3. From the site group dropdown list, select the role to be given to the listed users. The listed roles are those defined for the current space. The permissions granted to each role are defined by the Spaces administrator or space moderator. For more information about space roles, see Section 52.2, "Managing Roles and Permissions for a Space."

    Note:

    To define different roles to different users, limit the list of users to those who should be assigned the same role, finish this assignment, then click Add new members again to assign a different role to one or more different users.

  4. Click Next.

  5. Confirm or modify the member information, then click Finish.

  6. In the Add New Members dialog (Figure 46-33), select or clear the checkbox to send an invitation to the new members to join the space, then click OK.

    Figure 46-33 Add New Members Dialog

    Add New Members Dialog

46.3.4.12 Sending a Message

From the Microsoft Office task pane, you can send a message to any user who has a mail address defined in Spaces:

Note:

This feature is available with Microsoft Office 2003 and 2007. Microsoft Office 2010 does not include a task pane.

46.3.4.12.1 Sending a Message to the Current User

To send a message to the user who has the currently open document checked out:

  • In the Status section of the Microsoft Office task pane, click the dropdown menu icon next to the user name, and choose Send Mail (Figure 46-34).

    Figure 46-34 Send a Message to the Current Document User

    Send a Message to the Current User

    A Microsoft Outlook message composition window opens with the To field populated with the mail address that is specified for the user in Spaces.

46.3.4.12.2 Sending a Message to Your Connections

To send a message to your connections when you are working with a document in the Home space:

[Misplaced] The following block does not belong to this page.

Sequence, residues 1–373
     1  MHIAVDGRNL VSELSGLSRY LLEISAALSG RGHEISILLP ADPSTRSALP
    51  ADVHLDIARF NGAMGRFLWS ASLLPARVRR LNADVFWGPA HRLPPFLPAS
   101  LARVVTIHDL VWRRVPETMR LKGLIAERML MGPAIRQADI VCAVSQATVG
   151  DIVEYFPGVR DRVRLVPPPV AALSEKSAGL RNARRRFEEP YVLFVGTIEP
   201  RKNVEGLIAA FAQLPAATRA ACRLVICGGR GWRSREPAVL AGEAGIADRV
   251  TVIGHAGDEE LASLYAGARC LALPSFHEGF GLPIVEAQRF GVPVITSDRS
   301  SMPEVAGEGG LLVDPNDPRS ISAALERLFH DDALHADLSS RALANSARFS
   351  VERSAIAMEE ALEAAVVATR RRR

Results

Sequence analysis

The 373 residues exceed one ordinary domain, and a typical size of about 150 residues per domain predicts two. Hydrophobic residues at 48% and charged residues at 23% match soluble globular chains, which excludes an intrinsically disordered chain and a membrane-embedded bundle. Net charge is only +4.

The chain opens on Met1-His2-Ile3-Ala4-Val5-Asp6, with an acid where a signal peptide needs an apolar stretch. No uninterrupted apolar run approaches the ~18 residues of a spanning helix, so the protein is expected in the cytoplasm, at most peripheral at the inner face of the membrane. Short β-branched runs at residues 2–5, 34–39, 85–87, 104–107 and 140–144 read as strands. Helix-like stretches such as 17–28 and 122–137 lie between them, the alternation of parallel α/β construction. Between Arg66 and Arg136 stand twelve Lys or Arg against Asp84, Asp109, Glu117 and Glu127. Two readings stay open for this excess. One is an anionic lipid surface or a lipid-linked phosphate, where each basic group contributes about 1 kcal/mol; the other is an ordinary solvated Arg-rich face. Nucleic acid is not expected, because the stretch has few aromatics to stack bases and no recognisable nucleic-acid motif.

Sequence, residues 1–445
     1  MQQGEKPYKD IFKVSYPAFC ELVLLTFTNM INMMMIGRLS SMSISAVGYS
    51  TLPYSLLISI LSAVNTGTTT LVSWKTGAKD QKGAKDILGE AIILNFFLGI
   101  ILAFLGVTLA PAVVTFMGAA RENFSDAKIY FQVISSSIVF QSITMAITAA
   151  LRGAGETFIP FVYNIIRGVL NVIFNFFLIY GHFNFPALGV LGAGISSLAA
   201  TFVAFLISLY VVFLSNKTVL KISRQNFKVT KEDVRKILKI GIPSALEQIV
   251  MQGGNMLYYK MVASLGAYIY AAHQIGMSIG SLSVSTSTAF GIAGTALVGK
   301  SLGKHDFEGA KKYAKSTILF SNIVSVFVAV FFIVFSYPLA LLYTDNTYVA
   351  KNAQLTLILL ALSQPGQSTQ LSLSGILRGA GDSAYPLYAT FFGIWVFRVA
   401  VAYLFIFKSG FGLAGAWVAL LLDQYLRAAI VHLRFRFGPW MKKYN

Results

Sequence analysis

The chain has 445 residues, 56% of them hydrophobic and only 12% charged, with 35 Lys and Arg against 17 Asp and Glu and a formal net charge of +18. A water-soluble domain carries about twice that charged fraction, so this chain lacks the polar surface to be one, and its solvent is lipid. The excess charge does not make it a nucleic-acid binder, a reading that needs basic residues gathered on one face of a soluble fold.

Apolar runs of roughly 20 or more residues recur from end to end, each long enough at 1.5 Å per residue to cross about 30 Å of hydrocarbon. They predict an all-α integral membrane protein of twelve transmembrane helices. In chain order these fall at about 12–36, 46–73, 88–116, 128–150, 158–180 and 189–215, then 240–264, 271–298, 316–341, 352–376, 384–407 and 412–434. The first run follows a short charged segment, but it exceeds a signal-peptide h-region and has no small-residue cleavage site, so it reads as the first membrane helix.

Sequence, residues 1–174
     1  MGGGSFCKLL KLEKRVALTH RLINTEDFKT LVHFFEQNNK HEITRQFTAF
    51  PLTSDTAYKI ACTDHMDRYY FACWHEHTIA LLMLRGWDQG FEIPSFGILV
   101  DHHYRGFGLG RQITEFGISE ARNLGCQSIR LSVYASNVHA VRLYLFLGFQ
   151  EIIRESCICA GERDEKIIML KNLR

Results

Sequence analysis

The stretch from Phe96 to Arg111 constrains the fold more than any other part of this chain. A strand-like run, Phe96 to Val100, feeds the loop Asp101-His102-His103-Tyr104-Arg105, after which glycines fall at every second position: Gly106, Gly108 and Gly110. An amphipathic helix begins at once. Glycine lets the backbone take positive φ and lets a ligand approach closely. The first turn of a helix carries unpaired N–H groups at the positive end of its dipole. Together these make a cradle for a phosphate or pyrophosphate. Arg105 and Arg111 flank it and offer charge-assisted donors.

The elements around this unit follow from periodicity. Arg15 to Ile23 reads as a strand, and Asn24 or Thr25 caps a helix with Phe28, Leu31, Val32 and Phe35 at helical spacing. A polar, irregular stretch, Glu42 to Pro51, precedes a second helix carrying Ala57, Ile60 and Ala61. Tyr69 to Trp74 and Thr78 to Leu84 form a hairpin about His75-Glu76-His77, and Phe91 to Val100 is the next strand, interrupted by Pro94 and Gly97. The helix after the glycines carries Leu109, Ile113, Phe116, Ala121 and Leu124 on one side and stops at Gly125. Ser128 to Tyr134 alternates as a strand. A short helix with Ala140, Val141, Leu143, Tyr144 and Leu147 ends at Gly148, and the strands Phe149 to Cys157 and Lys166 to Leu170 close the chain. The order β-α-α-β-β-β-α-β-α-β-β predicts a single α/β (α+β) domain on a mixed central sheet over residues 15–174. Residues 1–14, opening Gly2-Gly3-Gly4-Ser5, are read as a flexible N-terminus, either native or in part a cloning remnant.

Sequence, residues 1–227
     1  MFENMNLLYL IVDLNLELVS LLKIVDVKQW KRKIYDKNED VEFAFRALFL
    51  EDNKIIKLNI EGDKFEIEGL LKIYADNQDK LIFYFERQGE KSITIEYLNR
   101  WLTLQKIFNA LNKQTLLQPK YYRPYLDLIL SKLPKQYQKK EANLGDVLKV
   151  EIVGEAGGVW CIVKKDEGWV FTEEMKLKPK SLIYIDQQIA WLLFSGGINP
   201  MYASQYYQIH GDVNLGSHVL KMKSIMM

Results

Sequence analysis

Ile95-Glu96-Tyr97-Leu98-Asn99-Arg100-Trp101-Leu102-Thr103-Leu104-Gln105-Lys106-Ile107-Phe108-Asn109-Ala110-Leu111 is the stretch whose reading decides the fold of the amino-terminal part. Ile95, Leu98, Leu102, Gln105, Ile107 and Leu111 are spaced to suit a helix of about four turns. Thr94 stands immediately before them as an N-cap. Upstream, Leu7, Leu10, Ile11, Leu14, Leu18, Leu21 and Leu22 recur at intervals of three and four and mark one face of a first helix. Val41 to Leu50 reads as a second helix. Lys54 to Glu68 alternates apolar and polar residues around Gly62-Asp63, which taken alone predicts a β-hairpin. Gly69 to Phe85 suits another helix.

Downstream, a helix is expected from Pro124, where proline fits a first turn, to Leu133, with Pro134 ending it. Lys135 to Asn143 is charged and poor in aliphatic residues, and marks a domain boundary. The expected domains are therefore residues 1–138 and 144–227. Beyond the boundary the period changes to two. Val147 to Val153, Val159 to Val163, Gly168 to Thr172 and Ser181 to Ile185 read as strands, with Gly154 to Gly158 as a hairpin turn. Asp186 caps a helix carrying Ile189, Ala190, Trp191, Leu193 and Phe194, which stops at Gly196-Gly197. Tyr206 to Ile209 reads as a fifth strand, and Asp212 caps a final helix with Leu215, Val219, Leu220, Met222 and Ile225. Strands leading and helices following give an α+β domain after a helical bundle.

1. In the Members section of the Microsoft Office task pane:

    • To send a message to an individual who is one of your connections, click the user name in the Members list (Figure 46-35):

      Figure 46-35 Send a Message to a Connection

      Send Mail to Individual Connection
    • To send a message to all of your connections, click Send e-mail to all members (Figure 46-36).

      Figure 46-36 Send a Message to All Connections

      Send a Message to All Connections

    A Microsoft Outlook message composition window opens, where the Home space name is the subject, and the To field is populated with the mail address(es) specified for the people connection(s) in Spaces.

  2. Modify the addresses and content of the message as desired, then click Send.

46.3.4.12.3 Sending a Message to Members of a Space

To send a message to the members of a space when you are working with a document in a space:

  1. In the Members section of the Microsoft Office task pane:

    • To send a message to an individual who is a member of the space, click the user name in the Members list (Figure 46-37):

      Figure 46-37 Send a Message to an Individual Space Member

      Send Mail to Individual in People Connections
    • To send a message to all members of the space, click Send e-mail to all members.

      Figure 46-38 Send a Message to All Space Members

      Send a Message to All Group Space Members

    A Microsoft Outlook message composition window opens, where the space name is the subject, and To field is populated with the mail address(es) specified for the space member(s) in Spaces

  2. Modify the addresses and content of the message as desired, then click Send.

46.3.5 Closing a File

You can close a file opened in a Microsoft Office application with or without checking it in, as described in the following sections:

46.3.5.1 Closing a File After Checking It In

After checking a file in, the file remains open in the Microsoft Office application until you close it.